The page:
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Lessons From Teach for America

Teach for America is experiencing recruitment problems ("Fewer Top Graduates Want to Join Teach for America," The New York Times, Feb. 6).  For an organization that has known virtually unbroken growth in the number of applications since it began in 1990, a decline for two consecutive years is worthy of a closer look.

It's easy to attribute the drop strictly to an improving economy, where better paying jobs for graduates from elite colleges are now available.  But I think a better reason is that Teach for America's graduates are finding out first-hand that five weeks of training are hardly sufficient to prepare them for the realities of the classroom. Although that has always been the case since its inception, the demands on classroom teachers today are unprecedented.  As a result, even veteran teachers are finding it hard to do what is now required of them.  It's little wonder that teachers with only five weeks of training are completely overwhelmed.

News travels rapidly through the grapevine.  Yet Teach for America persists in its model of preparation.  Negative coverage is countered by the nearly $3.5 million in advertising and promotion that it has spent over the past three years ("This Is What Happens When You Criticize Teach for America," The Nation, Oct. 29, 2014). I realize that every organization wants to portray a positive image, but honest criticism is indispensable if students are to be well educated.  Public relations has no place in evaluation.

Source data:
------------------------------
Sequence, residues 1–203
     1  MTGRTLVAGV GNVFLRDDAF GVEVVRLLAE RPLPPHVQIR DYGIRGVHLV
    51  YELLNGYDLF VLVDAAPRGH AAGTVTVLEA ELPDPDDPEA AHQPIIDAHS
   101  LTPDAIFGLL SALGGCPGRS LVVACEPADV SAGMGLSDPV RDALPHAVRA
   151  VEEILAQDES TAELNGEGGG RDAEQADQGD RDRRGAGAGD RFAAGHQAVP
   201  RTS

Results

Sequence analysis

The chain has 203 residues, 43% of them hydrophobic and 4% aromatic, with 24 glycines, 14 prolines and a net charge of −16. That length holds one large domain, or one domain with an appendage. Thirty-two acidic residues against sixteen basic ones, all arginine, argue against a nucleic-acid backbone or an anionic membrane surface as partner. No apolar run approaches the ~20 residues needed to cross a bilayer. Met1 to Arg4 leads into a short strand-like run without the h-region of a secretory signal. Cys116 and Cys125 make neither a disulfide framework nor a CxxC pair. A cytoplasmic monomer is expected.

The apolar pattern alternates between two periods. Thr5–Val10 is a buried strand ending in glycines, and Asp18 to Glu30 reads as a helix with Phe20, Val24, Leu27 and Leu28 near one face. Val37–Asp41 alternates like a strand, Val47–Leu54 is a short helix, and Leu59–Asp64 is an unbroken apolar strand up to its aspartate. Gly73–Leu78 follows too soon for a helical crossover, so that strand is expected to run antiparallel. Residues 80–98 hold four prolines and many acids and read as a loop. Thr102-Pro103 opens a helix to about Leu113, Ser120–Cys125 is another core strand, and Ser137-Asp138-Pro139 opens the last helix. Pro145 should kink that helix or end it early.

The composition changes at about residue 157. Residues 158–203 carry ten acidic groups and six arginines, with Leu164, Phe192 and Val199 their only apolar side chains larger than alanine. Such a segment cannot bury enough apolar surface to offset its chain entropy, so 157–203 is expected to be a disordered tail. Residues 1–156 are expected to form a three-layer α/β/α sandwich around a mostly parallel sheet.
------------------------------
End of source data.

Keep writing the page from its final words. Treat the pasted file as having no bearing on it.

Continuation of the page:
I don't doubt that Teach for America has been successful in some schools.  But studies have concluded that the results overall are mixed ("Report Examines Teach For America," National Education Policy Center, Jan. 7, 2014).  Nevertheless, I expect to see Teach for America receiving ever-increasing funding from corporations.

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The opinions expressed in Walt Gardner's Reality Check are strictly those of the author(s) and do not reflect the opinions or endorsement of Editorial Projects in Education, or any of its publications.

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